Goodbye disappointing rose

A few years back -- four I think -- I built a copper trellis and planted a climbing rose outside my kitchen window. It was labeled as 'Fourth of July' rose, which should have had red blooms streaked with white.


I say "should have" because I never saw this happen. The blooms were fully red, and the plant never looked like the photos I found. It was a disappointing rose in general, never reaching the size I had hoped for, and this past weekend I finally removed it.

***


I probably would have left this guy in place for a few more years at least, but... well, first, here's what the plant looked like in June 2013:


Here's what it looked like this weekend:


And this is the reason that I removed it now:


This plant is infected with RRV, rose rosette virus. (More info on RRV can be found here)

I probably should have removed this a month or more ago when I first noticed the strange growth, but this was a busy summer and I only now had the time to tackle this.

First, protection. I knew I needed to wear two layers of gloves, but the "underwear" layer wasn't in the best shape, especially where it really counts:


The fix? Duct tape!


Pulling on the second layer of gloves was difficult -- this was a much tighter fit than expected, probably from the duct tape. Fingers barely bendable.


Still, they did the job, and the plant was soon converted into a pile of clippings.


Note that technically this rose has not been removed, only pruned severely. The roots are still in the ground:


I will tackle digging this out another day, as the trellis makes things much more difficult and I'm not sure that I can pull it out of the ground.

So the trellis is empty again, something I haven't seen for a couple of years:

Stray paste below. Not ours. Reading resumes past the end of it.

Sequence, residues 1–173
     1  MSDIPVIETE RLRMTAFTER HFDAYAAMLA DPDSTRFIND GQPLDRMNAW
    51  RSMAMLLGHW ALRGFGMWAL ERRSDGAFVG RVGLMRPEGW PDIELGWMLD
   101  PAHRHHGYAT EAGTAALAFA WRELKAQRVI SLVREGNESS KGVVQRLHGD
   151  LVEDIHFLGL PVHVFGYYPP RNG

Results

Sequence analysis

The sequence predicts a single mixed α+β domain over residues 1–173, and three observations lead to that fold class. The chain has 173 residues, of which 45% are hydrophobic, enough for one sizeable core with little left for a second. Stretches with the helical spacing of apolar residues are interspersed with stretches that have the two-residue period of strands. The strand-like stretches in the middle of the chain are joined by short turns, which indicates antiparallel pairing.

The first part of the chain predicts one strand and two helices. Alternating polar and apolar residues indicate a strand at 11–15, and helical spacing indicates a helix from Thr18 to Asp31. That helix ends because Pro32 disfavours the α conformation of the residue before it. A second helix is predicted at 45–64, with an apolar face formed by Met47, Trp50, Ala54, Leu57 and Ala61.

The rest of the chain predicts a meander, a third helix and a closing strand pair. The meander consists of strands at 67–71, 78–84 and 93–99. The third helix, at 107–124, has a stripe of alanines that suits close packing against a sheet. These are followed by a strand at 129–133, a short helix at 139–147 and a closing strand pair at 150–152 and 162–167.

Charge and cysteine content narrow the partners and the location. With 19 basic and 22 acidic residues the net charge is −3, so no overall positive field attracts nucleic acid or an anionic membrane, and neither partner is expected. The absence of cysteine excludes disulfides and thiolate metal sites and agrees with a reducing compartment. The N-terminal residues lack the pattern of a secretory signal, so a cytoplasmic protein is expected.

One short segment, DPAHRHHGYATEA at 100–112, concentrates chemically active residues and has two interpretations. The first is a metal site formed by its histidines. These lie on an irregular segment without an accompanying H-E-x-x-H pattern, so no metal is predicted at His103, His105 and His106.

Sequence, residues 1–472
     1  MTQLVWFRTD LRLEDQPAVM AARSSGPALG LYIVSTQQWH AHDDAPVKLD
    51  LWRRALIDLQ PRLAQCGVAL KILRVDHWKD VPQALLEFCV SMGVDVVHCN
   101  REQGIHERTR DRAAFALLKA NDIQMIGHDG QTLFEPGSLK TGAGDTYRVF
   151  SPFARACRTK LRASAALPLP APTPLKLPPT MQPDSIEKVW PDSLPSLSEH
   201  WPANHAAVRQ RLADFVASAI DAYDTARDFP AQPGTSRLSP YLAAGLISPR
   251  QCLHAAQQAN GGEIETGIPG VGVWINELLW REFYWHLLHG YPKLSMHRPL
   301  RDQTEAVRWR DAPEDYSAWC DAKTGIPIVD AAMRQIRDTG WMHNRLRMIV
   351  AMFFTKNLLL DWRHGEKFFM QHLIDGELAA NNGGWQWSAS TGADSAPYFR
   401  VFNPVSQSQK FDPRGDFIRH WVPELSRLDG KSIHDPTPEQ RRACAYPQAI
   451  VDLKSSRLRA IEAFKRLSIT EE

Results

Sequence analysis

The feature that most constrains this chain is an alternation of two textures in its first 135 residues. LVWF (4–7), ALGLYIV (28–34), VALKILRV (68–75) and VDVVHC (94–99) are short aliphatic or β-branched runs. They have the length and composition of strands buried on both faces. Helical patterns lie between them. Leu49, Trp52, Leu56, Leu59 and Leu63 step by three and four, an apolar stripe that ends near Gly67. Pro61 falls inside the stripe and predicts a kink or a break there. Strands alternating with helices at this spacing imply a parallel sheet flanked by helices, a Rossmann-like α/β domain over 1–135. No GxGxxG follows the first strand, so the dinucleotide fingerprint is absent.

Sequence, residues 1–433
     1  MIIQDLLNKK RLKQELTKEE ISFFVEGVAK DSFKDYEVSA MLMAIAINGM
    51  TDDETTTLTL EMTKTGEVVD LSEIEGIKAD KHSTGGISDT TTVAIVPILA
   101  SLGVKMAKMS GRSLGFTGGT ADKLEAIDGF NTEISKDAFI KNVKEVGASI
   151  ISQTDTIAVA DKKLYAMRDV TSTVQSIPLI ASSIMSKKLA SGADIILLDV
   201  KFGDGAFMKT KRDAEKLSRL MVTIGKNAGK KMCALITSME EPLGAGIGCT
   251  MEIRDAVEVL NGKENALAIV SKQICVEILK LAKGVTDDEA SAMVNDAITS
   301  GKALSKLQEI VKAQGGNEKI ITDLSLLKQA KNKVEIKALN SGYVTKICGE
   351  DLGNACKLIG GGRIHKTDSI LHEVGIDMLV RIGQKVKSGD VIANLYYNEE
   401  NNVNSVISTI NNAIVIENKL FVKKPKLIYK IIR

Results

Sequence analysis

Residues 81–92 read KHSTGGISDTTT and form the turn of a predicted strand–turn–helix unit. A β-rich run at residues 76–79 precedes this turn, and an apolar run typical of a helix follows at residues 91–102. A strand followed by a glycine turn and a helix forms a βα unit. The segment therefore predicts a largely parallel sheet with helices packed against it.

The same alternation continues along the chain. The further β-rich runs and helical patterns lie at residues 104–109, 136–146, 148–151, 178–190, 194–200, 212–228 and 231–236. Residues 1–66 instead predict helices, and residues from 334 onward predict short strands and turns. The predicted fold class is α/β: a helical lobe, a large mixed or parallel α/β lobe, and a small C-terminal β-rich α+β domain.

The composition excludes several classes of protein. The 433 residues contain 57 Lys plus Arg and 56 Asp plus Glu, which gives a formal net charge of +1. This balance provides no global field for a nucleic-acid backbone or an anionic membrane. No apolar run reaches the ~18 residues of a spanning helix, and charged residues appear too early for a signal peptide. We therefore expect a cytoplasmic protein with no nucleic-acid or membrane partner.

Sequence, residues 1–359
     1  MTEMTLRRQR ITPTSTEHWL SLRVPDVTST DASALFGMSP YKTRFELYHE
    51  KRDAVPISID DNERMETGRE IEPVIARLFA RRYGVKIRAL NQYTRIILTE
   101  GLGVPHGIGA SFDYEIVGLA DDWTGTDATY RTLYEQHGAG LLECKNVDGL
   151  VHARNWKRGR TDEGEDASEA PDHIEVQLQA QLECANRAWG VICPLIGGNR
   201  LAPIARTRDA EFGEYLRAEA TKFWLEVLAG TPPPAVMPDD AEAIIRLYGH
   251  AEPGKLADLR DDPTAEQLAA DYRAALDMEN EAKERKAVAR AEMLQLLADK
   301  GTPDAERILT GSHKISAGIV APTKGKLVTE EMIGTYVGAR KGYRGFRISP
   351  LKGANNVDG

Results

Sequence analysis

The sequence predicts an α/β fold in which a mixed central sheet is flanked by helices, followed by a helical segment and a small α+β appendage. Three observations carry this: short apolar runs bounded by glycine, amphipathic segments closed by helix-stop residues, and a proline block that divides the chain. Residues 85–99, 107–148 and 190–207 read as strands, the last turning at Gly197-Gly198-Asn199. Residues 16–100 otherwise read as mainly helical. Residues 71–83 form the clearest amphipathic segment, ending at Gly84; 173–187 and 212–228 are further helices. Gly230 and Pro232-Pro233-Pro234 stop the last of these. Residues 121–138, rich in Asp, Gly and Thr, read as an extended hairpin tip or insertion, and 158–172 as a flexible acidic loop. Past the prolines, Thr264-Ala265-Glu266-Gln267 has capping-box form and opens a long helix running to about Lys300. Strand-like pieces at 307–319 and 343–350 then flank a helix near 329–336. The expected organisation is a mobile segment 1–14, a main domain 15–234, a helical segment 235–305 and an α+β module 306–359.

I'm not certain that it's still 100% vertical -- it may be leaning a bit now.



Looks good with the bamboo, but the hunt is on to find a replacement plant for this trellis. Another rose is not possible, as the virus is reported to live in the soil and the new plant would almost immediately become infected.

I'm almost certain that a clematis will be the replacement plant of choice here -- more on that in the near future.

One more thing...

I've got the clippings bagged for yard waste pickup, but...


...I'm not sure that I should put these infected parts into the commercial compost stream. Will this virus be killed by the high temps that large-scale compost piles can reach, or will it survive to infect other plants?

What would you do with these clippings: commercially compost, or send to landfill? I've got two days to decide.

.

Blog Widget by LinkWithin
Mark and Gaz  – (October 7, 2014 at 8:55 AM)  

I'd go for landfill. Have to say the trellis on its own looks architectural, you can pass that off as a modern garden art :)

I wonder if the rose was mislabeled all along?

danger garden  – (October 8, 2014 at 10:49 AM)  

Save that duct taped glove, you're part way to your Tin Man Halloween costume! (I've not a clue about the rose waste)

Alan  – (October 8, 2014 at 12:51 PM)  

Mark/Gaz: I was thinking about enhancing the trellis a bit so it will make a bit more of a statement on its own. We'll see...

Loree: Good idea! I just need about 10 more rolls of duct tape and a metal funnel (do they still make those?) and I'm homefree with the costume! :)

Post a Comment

  © Blogger template Shush by Ourblogtemplates.com 2009

Back to TOP